“In the old days it was ‘Read John Updike’s new book.’ Now it’s ‘Meet John Updike’ or ‘Listen to John Updike on the audio version’ or ‘Watch John Updike give a reading.’”

    I think that’s an interesting point, but I think it’s untrue. Hemingway and Fitzgerald were celebrities in their day, and if anything, the importance of the author seems to have waned as other media have gained ground over writing. Galassi’s argument is a bit like asking why bands tour.

  6. fictionadvocate

    Bands tour because music is something to be experienced, and it’s a better experience live. But reading is fundamentally an exchange between an author and a reader in private.

  7. “[R]eading is fundamentally an exchange between an author and a reader in private.”
    Lie! Or at least, mischaracterization. Reading is an exchange between a reader and a text. I know it pegs me as a stalwart believer in the whole “What Is an Author” vs. “The Death of the Author” showdown, but it’s just as much of a fiction to assume that you know the author through reading his/her text as it is to assume that you know the author after watching him/her on Oprah.

  8. Matt

    Bands tour because music is something to be experienced, and it’s a better experience live.

    Literature is an experience as well, and the idea that music should be experienced live is on the wane. Some music just can’t be experienced live, and the now almost universal use of backing tracks underscores this point. And while I generally prefer music that can be and is performed live, there’s plenty of music I enjoy that simply can’t be reproduced outside of a studio.

    Reading is an exchange between a reader and a text.

    I’ve been thinking about Brian’s post, and I think it really highlights what is and has always been specious about his argument: while it may be technically true and useful for academic discussion, in practice, it’s a pointless distinction. Even the most heartless, coldly intellectual reader enjoys reading about ideas she recognizes, and she does so because she imagines some common understanding between herself and the writer (not between herself and the text). Moreover, making that distinction is a lot like pointing out that you can’t ever truly know another person. Are you engaging with your lover, or are you just interacting with his or her persona?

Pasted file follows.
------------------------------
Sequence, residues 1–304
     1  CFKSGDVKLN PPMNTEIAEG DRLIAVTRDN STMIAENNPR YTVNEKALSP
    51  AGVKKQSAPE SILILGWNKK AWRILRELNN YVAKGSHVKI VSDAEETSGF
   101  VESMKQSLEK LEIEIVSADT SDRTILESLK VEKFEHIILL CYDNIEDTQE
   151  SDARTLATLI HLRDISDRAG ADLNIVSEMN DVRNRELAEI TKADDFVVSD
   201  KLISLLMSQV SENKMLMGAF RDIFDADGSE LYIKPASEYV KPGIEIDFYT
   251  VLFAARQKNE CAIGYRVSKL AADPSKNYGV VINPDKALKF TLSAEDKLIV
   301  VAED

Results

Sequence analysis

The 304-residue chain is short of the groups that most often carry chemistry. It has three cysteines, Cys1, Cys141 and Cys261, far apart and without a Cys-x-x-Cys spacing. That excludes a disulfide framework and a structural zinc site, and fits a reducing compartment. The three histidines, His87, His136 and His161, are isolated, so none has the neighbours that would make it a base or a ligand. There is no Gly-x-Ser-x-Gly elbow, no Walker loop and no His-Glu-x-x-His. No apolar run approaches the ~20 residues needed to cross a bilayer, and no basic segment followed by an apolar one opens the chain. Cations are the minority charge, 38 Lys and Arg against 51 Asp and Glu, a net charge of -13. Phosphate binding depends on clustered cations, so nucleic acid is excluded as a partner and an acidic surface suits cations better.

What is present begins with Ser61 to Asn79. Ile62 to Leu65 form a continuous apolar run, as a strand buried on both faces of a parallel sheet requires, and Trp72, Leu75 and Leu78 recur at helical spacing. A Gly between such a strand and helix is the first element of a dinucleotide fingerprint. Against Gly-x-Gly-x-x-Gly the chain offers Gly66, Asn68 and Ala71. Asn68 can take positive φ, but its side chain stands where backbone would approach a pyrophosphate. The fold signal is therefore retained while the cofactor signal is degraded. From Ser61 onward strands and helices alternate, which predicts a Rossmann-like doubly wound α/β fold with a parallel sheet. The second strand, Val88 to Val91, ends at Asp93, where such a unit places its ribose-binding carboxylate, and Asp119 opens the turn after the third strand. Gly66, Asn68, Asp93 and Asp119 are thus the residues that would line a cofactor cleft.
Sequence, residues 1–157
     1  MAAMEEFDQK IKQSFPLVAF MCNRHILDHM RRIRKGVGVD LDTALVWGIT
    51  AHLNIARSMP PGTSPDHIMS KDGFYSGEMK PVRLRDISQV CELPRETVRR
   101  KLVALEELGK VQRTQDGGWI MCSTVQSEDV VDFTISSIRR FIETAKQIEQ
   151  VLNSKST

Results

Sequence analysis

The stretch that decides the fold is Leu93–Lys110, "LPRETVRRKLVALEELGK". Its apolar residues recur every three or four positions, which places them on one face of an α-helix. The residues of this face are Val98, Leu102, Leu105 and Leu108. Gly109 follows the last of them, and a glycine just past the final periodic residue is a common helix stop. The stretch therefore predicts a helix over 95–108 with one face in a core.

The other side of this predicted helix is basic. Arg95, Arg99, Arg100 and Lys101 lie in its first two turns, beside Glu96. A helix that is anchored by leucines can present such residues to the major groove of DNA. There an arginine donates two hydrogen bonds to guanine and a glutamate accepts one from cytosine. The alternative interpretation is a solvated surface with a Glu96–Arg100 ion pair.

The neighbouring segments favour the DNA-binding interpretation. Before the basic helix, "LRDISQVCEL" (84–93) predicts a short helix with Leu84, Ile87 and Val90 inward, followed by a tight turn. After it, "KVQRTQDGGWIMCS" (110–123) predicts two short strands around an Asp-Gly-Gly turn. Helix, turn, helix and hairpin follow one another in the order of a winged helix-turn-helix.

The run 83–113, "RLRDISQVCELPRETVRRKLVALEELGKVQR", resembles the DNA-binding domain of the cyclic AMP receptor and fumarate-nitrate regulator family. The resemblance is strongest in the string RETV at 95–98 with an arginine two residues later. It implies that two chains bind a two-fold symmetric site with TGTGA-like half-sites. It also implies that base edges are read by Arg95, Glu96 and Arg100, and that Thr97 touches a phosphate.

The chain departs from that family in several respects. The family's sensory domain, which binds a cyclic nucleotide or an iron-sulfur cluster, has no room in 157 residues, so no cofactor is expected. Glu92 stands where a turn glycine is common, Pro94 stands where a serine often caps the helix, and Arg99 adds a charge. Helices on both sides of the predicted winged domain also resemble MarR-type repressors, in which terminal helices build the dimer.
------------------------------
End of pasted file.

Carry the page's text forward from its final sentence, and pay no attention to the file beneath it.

It’s not that the argument’s untrue or invalid, but you can hardly live by it. You’d end up saying odd things like, “These words here–they really get me.”

  9. “Even the most heartless, coldly intellectual reader enjoys reading about ideas she recognizes, and she does so because she imagines some common understanding between herself and the writer…”

    I can assure you that I most sincerely have no interest in the histories or intentions of fiction writers.

    Frigidness, thy name is Danielle.

  10. I think there are a lot of music writers that would take issue with the assessment that music lends itself to a more casual criticism (at least all the time), and that there are people who give casual assessments of books.

    Also, not all music is better experienced live. Some bands are notorious for giving terrible shows, but their albums are amazing, and some people’s albums might be grating, but their live show mind-blowing.

    Also, playlists are just fun.